Productive leaders dump their to-do list
You need to prioritize to be productive. Most to-do lists, however, prioritize the wrong activities. They tend to focus on important issues that feel pressing rather than on where your time can be most efficiently spent.
For example, a great alternative to a to-do list is a 20-80 List. A 20-80 List is built on the Pareto Principle, which basically states that 20 percent of your efforts create 80 percent of your results. Examples of the Pareto Principle are everywhere. In the workplace, you’ve probably experienced that 20 percent of people do 80 percent of the work, or that 20 percent of a sales force produces 80 percent of the sales. Need an example closer to home? Look in your closet. You likely wear 20 percent of your clothes 80 percent of the time.
Try drawing a line down the middle of a piece of paper. Write “20 Percent” at the top of the left side and “80 Percent” at the top of the right side. From there, show favoritism by only listing what matters most on the 20 Percent side. All other items go on the right side. If you do it correctly, you’ll end up with only a handful of tasks on the left side of the paper. Those are the ones you and your team should show favoritism to and complete first! They will produce 80 percent of what matters most to your organization.
Productive leaders slow down under pressure
Productive leaders practice a counterintuitive habit — they lead their organizations from a quiet place when more is added to their plate. While the implementation of this habit looks different with every leader, a couple overarching principles remain constant among the most productive leaders.
First, productive leaders create time and space to slow down before things get added to their plate. This time might be early in the morning or before they go to bed. The key isn’t when it’s scheduled, but that it has already been scheduled before anything extra gets added to their calendar. When tough issues arise, they don’t have to scramble to find time to address them because they have already schedule their lead-from-quiet time every day.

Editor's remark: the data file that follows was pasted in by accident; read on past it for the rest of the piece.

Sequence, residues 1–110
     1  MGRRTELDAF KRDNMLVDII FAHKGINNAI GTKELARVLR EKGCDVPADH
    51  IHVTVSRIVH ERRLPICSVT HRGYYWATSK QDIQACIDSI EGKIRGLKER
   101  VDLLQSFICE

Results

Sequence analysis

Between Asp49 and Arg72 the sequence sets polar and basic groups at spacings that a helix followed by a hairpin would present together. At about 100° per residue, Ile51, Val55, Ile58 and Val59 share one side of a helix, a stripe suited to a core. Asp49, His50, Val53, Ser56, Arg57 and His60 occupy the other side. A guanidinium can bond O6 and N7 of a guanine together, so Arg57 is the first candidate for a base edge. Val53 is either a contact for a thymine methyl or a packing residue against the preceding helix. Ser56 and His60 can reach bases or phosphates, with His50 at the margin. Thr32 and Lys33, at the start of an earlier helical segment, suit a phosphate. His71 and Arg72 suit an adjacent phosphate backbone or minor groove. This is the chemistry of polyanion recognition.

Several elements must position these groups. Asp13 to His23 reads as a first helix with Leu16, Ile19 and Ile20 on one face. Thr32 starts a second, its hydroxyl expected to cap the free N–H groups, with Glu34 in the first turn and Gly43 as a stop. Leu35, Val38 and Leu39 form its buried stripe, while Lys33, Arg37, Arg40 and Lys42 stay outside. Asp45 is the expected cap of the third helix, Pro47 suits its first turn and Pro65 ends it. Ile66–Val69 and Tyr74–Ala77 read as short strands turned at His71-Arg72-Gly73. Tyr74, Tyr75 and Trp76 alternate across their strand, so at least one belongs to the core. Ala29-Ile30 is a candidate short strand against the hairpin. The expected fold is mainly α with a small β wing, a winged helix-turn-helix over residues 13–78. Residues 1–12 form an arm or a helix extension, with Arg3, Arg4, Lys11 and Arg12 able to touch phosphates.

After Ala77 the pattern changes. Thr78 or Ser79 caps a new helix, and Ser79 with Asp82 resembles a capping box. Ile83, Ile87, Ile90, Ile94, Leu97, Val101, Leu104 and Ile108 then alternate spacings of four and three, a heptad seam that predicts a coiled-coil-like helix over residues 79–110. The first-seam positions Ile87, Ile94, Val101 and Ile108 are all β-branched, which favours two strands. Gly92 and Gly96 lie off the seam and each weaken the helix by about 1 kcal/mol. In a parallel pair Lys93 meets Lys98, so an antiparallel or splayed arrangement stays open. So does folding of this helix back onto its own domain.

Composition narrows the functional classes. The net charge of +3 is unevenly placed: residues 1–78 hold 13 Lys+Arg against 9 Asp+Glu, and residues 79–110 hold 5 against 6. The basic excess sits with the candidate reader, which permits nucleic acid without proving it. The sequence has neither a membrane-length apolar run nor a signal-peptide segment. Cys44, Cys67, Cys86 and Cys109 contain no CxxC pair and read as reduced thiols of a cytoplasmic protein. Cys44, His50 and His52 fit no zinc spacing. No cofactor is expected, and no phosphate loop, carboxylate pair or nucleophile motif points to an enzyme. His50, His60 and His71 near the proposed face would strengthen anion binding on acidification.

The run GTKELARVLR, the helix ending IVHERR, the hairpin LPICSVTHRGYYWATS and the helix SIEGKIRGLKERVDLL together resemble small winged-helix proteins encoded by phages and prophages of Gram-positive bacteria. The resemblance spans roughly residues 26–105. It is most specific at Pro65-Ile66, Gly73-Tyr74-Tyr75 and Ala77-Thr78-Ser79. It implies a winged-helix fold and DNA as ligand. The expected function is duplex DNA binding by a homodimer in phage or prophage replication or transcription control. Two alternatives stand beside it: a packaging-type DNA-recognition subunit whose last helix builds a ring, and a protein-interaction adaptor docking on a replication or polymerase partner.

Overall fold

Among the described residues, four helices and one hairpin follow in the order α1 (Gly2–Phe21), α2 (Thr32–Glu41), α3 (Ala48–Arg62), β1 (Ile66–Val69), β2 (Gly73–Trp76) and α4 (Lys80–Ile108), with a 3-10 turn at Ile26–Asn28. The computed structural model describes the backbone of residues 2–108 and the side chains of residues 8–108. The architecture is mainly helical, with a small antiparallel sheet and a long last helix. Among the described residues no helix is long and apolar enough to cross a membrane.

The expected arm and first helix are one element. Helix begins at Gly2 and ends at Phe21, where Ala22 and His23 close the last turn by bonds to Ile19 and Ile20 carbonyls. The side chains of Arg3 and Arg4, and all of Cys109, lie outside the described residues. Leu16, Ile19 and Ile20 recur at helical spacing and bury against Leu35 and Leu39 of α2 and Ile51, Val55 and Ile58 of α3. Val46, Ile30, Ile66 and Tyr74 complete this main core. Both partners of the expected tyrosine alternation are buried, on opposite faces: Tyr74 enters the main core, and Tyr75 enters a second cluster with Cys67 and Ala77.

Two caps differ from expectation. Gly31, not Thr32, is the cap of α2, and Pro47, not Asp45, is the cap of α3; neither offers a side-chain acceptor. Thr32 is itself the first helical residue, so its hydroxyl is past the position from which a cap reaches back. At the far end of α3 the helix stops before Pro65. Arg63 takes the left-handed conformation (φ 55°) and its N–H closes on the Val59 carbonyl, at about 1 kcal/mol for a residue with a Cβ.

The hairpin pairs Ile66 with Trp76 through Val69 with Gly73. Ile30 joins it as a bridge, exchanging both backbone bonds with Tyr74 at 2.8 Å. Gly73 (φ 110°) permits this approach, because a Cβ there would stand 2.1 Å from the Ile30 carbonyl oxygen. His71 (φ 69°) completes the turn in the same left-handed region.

Second, they carve out significant chunks of time to lead from a place of calm and quiet. Although there is great value in taking 10 minute breaks throughout the day, productive leaders know these breaks are for taking breaks, not working. Short breaks are good for getting re-energized, but not for thinking deeply about leadership issues. The most productive leaders, therefore, block out a minimum of 30 minutes at a time so they can process issues thoroughly and deeply.
Productive leaders use simple math for their hardest problems
Perhaps what sets the most productive leaders apart is how they respond to adversity. Most people buy into the myth that the events of your day lead to your outcomes. They adopt an E = O mentality, thinking if events go their way, their outcomes will be good, but if events turn sour, their outcomes turn sour as well.
The problem with this equation is it’s based on what we cannot control: events. We don’t control the weather, the economy or people’s actions. Individuals who follow the E = O equation might as well add “= V” at the end because, if you allow your events to equal your outcomes, you’ll inevitably end up a victim. The real equation then becomes Events = Outcomes = Victims.
Productive leaders know this isn’t true and adopt the habit of approaching circumstances through an Events + Reactions = Outcomes equation. Originally taught by Dr. Robert Resnick and shared in Jack Canfield’s book, The Success Principles, E + R = O allows leaders to transform the way they lead by adding one letter to the E=O equation. That one letter empowers them and their team to win by reminding them to focus on the one thing they can control — their response.
Leaders who use this equation commit to owning their responses no matter what events they face. By adding this one letter, these leaders can turn even the most challenging events into positive outcomes.
Wrapping It Up
Do you want to move from average productivity to outstanding productivity as a leader? Then consider changing your habits. If productivity is primarily about getting what matters most done, then practice habits that focus on getting the most important things done, slowing down, and owning your response to the events the world throws your way.